What steps can companies and education providers take to avoid these risks?

It is crucial to have a conversation with the sponsored employee or student to explain the terms of their 30-day entry vignettes and when they need to travel to activate their visas before their flights are booked. We recommend using legal representatives to help with dealing with all the compliance requirements from the application process all the way to the individual entering the UK correctly.

As part of the right to work or study checks, please ensure you have seen the original passport with the 30-day entry vignette and the Biometric Residence Permit. If the vignette is not stamped, please ask for travel confirmation to ensure they entered the UK within the 30 day window stated on their vignette. You will need to make a note of the date of entry but do not need to keep the evidence on their file.


We need more clarity on the how the system will distinguish between EU/ European Economic Area (EEA) nationals that have already been to the UK prior to the end of the transition period (subject to what may be agreed between now and 31 December 2020) and those that have recently entered.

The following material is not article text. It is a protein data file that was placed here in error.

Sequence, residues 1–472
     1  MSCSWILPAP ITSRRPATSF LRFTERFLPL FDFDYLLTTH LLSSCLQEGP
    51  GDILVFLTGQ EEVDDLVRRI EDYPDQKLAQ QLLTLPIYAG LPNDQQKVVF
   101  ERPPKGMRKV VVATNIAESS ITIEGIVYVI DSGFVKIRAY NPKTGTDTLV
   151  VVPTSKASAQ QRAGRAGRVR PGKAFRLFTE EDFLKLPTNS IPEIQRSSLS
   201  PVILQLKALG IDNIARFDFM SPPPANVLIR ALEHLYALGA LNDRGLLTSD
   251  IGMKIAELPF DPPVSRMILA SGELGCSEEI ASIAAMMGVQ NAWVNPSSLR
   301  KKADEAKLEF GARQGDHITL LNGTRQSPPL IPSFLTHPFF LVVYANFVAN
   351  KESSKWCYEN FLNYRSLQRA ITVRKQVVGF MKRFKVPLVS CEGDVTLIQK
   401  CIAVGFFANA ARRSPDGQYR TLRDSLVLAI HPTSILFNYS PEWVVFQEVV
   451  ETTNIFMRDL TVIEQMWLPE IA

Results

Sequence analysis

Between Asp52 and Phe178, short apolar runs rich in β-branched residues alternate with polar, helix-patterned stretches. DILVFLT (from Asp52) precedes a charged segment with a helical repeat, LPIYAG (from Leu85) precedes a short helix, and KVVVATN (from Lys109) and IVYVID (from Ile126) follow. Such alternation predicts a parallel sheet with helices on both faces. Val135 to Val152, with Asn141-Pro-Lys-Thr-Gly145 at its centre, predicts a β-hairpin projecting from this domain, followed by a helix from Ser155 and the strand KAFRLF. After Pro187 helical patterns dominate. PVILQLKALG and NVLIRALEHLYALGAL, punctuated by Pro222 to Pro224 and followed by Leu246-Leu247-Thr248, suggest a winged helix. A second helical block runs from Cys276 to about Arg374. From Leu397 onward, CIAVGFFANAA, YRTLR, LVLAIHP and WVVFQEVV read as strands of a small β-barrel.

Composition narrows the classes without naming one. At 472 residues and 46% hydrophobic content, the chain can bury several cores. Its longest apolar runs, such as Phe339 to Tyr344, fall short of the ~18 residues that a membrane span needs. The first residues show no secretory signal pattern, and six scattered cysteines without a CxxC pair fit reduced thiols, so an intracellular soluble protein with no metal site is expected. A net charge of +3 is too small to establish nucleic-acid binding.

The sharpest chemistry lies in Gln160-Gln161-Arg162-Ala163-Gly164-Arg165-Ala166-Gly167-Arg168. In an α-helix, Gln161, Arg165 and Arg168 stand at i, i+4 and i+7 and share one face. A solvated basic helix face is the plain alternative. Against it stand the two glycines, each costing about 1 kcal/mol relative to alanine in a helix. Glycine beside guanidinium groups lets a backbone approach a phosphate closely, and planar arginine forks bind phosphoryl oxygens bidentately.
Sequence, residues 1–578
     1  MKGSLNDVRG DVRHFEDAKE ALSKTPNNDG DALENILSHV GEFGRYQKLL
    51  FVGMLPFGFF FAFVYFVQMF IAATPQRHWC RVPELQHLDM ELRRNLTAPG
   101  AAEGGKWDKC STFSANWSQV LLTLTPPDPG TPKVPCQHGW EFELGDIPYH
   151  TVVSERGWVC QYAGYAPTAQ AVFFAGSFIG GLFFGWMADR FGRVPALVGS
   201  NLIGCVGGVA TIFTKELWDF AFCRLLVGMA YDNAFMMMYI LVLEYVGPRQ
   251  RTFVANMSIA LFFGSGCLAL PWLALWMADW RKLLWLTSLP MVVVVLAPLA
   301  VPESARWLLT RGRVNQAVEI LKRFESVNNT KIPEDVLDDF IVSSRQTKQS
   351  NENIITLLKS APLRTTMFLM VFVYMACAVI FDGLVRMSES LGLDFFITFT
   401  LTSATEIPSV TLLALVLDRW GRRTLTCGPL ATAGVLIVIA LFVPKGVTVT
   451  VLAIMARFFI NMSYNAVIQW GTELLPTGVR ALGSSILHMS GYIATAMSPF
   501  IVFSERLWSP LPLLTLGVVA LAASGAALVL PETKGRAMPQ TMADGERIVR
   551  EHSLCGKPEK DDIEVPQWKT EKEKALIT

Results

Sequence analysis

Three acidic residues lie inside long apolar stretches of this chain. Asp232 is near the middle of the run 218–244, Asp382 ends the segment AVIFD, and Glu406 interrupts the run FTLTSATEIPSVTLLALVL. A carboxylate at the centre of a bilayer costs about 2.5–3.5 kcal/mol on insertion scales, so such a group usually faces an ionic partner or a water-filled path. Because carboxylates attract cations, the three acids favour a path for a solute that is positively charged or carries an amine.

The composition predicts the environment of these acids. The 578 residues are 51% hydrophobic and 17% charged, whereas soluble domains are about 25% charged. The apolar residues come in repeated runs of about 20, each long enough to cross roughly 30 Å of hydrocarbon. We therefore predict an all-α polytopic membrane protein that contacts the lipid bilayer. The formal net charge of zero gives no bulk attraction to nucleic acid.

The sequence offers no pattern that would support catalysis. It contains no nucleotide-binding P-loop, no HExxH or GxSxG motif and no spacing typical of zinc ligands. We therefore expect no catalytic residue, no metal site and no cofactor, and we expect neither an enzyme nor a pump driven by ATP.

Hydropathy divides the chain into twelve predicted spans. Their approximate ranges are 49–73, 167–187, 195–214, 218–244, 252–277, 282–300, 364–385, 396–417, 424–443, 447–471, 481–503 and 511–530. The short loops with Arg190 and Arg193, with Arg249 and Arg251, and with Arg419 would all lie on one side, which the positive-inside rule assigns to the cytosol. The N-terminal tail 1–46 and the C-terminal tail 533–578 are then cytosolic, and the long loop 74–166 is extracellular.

This is likely to be another challenge for the system to identify those individuals already in the UK and under the EU Settlement Scheme route and those entering under the new system granting three-year European Temporary Leave to Remain in the UK scheme.

There are already various compliance issues that can have significant implication for individuals unintentionally breaching the terms of their stay leading to companies having illegal employees and education providers having illegal students. The government must ensure it addresses the potential implications ePassport gates can also have on EU/EEA nationals after the transition period to avoid further complex issues ahead.

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* This article is current as of the date of its publication and does not necessarily reflect the present state of the law or relevant regulation.